What Is A Low FODMAP Diet and How Does It Help IBS?

Medically reviewed by Linda Said, MS, RD, LDN
2020-07-24

Let’s be honest, irritable bowel syndrome (IBS) is not an easy topic to bring up, especially when symptoms include flares of abdominal cramps, uncontrollable gassiness and bouts of diarrhea. Many people don’t even want to talk about it with their doctor.

The awkwardness of explaining your condition could lead to feelings of isolation, as well as physical limitations such as being afraid of going to work, always feeling like you need to be near a restroom, fear of social events or even traveling short distances because of symptoms! I know many individuals who have had to put up with daily gut issues which becomes very inconvenient, and leads to even more frustration. 

There is an option for IBS management: a low FODMAP diet. Like IBS itself, low FODMAP diets are infrequently mentioned. It’s worth demystifying though, since it can provide help. First though, some background on IBS.

What Is IBS?

In simple terms, IBS is a functional GI disorder which means that it interferes with the way the gut works or functions.  The National Institutes of Health (NIH) defines IBS as a chronic disorder that is characterized by "a group of symptoms that occur together, including repeated pain in your abdomen and changes in your bowel movements, which may be diarrhea, constipation, or both”. 

There are 3 different types of IBS and they are based on a group of symptoms or a pattern of changes in your bowel movements. IBS is classified as:

  • IBS with constipation - abdominal pain with lumpy or difficult to pass stools on days with abnormal bowel movements

  • IBS with diarrhea - abdominal pain with loose or watery stools on days with abnormal bowel movements

  • IBS with mixed bowel habits - abdominal pain with alternating loose/watery and lumpy stools

According to the American College of Gastroenterology, IBS is the most prevalent of the functional gastrointestinal disorders. Current estimates are that IBS affects up to 10–12% of adults in North America. Although it can affect all individuals, it appears that IBS is 2 times more common in women than in men, and is most commonly diagnosed in people under the age of 50. About 40% of people with IBS have mild symptoms, 35% experience moderate symptoms, and 25% experience severe IBS. 

How IBS Is Commonly Treated

It's important to know that in reality, there is no magic cure for IBS and there is no one size fits all approach. IBS is complicated! And to make it harder, the perfect solution is not in pills and tests that are commonly not backed up by scientific research.

The reality is, that finding your way to IBS freedom is not a linear process. There are going to be ups and downs and you will notice daily variations which are completely normal. Finding long-term IBS relief is a journey that requires a personalized approach. The management of IBS revolves around an integrative approach which includes but is not limited to diet, stress management, and supplements and medicines.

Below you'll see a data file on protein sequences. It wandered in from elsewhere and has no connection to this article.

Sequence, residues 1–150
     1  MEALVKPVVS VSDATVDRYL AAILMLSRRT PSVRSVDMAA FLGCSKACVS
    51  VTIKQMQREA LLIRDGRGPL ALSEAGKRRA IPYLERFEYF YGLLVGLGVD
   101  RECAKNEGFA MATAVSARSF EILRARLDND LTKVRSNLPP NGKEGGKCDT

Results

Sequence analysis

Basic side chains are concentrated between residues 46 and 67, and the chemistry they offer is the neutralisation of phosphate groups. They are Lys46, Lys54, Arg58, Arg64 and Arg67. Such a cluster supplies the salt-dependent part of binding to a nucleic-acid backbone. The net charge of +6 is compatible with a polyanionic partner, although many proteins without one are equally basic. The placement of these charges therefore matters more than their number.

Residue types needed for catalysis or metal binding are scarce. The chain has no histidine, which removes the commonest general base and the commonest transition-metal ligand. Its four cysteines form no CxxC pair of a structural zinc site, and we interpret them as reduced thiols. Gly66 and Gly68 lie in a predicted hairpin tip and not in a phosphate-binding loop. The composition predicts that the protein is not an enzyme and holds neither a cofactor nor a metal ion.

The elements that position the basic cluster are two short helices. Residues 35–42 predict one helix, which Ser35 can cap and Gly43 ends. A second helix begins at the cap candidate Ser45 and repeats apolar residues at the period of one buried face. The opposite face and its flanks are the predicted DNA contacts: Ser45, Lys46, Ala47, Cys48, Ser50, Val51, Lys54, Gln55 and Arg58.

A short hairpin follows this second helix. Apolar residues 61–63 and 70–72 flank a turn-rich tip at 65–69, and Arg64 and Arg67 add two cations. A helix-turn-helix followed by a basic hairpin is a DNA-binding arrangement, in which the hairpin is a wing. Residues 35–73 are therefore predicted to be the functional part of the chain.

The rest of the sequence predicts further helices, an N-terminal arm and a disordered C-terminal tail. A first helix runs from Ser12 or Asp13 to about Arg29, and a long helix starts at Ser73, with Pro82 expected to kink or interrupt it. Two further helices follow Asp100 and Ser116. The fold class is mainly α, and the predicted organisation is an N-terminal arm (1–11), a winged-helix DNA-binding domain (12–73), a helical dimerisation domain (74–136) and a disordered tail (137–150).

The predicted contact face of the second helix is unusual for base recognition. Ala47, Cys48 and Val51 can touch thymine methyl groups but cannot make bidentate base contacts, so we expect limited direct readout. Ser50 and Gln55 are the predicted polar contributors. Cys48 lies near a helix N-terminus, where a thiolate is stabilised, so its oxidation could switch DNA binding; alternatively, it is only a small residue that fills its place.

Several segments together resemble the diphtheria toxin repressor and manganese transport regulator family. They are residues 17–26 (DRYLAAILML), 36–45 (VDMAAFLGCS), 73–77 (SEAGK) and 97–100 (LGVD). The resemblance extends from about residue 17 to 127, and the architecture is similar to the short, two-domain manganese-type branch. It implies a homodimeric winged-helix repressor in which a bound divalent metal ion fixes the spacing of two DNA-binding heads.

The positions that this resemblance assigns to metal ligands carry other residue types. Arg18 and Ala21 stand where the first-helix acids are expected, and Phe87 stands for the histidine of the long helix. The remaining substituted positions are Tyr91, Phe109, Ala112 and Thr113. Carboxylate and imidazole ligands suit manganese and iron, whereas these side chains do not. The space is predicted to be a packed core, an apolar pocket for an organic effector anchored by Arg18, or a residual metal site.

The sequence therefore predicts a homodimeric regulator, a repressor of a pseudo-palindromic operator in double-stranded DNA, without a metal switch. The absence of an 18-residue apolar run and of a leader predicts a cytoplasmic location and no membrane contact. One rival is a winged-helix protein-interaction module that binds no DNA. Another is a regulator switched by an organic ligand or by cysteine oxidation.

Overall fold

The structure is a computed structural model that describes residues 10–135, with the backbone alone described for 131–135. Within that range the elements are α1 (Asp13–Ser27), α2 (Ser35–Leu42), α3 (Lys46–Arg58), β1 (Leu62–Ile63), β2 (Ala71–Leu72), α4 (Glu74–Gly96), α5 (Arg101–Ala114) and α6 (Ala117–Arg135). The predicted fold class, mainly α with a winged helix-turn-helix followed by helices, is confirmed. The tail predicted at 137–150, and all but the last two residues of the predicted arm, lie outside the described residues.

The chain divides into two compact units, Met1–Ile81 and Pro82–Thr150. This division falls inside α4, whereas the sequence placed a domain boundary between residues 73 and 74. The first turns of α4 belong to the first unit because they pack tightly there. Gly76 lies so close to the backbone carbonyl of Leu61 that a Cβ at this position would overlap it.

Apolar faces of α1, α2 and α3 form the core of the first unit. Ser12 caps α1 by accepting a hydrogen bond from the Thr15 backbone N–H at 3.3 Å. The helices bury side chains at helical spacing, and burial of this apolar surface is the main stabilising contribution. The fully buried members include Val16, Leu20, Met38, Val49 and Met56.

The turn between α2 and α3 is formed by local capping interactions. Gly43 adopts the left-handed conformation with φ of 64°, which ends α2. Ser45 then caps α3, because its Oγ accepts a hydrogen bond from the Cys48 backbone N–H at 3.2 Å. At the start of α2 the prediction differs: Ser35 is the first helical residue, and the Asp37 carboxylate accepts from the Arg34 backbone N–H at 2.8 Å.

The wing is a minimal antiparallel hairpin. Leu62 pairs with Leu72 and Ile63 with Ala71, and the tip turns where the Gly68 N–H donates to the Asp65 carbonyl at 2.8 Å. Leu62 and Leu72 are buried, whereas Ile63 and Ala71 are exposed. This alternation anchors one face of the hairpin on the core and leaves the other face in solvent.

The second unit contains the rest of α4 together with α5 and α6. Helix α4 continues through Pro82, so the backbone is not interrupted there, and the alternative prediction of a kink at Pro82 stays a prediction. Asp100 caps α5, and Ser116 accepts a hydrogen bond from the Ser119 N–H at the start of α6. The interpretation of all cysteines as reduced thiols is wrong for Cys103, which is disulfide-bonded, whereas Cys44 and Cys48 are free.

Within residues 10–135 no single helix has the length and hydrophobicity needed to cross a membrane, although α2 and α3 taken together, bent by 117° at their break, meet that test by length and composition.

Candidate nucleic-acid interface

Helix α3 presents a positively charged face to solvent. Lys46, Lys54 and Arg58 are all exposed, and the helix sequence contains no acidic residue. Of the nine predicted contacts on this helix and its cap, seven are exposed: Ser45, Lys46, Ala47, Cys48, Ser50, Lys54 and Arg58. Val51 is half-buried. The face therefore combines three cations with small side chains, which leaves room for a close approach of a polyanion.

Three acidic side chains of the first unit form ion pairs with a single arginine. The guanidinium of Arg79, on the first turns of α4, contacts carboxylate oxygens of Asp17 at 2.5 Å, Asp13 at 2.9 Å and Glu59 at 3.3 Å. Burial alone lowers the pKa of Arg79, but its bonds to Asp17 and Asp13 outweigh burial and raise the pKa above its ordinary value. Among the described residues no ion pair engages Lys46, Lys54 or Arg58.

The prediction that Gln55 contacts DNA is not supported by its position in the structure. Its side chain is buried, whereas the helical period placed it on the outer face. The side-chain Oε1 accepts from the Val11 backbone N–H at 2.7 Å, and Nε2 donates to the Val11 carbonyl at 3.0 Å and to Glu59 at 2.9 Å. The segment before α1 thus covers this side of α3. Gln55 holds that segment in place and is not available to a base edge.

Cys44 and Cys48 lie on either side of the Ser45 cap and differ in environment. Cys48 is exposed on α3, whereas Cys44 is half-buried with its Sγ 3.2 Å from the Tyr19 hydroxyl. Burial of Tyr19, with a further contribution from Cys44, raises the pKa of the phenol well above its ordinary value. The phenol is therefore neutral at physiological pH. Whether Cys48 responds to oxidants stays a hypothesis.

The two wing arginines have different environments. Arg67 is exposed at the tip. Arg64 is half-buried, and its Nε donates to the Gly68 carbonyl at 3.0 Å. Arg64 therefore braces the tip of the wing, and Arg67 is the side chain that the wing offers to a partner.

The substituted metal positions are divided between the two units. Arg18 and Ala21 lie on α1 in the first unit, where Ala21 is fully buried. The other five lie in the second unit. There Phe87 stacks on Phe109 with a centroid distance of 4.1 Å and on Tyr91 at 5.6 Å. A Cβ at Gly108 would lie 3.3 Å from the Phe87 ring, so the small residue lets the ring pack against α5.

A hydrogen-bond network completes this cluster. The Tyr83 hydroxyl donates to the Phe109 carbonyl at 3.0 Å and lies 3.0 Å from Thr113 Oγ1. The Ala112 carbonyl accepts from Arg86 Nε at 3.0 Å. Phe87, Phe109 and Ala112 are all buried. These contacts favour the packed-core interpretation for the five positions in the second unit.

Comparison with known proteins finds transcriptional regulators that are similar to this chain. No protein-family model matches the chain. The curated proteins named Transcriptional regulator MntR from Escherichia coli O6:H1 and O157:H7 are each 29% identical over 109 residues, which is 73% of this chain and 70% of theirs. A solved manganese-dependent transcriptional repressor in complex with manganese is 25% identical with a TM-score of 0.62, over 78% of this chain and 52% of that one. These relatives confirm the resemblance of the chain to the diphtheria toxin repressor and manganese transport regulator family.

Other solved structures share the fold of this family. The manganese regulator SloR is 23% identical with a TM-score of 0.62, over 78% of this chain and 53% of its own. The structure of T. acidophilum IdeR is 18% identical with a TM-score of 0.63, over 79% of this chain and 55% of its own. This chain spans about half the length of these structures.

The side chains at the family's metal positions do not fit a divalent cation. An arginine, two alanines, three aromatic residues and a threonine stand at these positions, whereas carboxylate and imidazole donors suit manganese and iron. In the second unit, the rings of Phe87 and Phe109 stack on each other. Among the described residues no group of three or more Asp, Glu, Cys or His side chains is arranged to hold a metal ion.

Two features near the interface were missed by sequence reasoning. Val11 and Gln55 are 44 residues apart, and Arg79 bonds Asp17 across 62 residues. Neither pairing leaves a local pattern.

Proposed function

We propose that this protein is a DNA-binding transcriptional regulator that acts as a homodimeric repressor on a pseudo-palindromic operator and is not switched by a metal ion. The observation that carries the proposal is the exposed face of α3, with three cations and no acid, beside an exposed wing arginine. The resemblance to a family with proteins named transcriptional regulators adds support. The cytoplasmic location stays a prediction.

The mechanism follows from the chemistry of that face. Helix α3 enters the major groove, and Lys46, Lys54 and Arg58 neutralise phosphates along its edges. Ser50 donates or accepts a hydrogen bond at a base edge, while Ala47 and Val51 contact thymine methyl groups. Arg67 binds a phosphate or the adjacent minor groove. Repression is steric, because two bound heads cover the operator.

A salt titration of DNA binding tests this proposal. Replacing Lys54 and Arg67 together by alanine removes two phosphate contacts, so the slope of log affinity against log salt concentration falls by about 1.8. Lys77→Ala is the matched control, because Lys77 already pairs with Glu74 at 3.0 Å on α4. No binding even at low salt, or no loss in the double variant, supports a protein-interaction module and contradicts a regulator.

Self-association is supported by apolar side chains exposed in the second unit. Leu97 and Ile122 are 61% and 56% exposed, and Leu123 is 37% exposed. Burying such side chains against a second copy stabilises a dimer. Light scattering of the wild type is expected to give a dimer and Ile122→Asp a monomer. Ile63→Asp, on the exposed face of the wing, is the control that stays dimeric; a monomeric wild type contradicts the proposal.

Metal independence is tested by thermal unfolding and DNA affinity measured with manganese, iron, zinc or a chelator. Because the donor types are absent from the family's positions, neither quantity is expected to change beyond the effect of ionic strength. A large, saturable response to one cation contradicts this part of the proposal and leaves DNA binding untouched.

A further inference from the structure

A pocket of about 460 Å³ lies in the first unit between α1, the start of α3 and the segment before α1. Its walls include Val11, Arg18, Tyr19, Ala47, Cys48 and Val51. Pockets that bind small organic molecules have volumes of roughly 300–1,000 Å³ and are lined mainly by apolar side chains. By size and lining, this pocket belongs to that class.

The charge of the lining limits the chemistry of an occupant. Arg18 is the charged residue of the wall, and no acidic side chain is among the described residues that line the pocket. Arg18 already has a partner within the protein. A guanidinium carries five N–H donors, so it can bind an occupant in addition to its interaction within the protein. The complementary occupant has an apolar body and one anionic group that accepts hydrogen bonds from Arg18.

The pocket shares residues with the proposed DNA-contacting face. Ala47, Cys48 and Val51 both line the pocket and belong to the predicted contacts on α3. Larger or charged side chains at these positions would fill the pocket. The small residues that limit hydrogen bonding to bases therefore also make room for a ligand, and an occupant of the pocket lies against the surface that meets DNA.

A Low FODMAP Diet

A common treatment approach for IBS is examining the foods we eat, as what goes “in” is often thought to be a trigger of what goes “out”.  Different dietary changes affect people differently. What works for one may not work for someone else. Our bodies are different, so naturally our bodies’ responses are different too.

Despite this, there are some common triggers that have been identified. They are known as FODMAPs (dietary sugars known as fermentable oligosaccharides, disaccharides, monosaccharides, and polyols). These foods have been studied and can exacerbate IBS-related symptoms by providing fuel for certain bacteria in the gastrointestinal system. This is why the feeling of abdominal pain, bloating, diarrhea, and constipation occurs.

A diet that avoids “FODMAPs” is known as a low FODMAP diet. Because research groups from all over the world have shown improvement in IBS symptoms, the low FODMAP diet is now recommended as a first dietary treatment choice for people diagnosed with IBS. 

Check out this quick guide that differentiates between the high and low FODMAP foods. 

How A Low FODMAP Diet Works

A low FODMAP diet is a type of elimination diet, and is not a permanently restricted diet. You will start off with avoiding foods that contain FODMAPs. This means that at the start, your diet may change a lot, if you have previously been eating high FODMAP foods. In time, those foods get slowly reintroduced. 

The time for avoiding FODMAPs varies for different people, but the time should be long enough for it to be apparent whether the low FODMAP is helping with your IBS symptoms. It can be as short as 1-2 weeks when you start to notice improvement in symptoms; for others, it may take a few weeks longer. 

Once you start feeling better, it’s time to start the “food challenge” where you slowly start adding high FODMAP foods back to your diet. This will help identify which foods are your trigger foods. Since this whole process can be slightly overwhelming, it is highly encouraged to work with a dietician to help guide you step by step and tailor your diet based on your needs. 

Click below for our integrative approach that can help reduce and manage your IBS-related symptoms.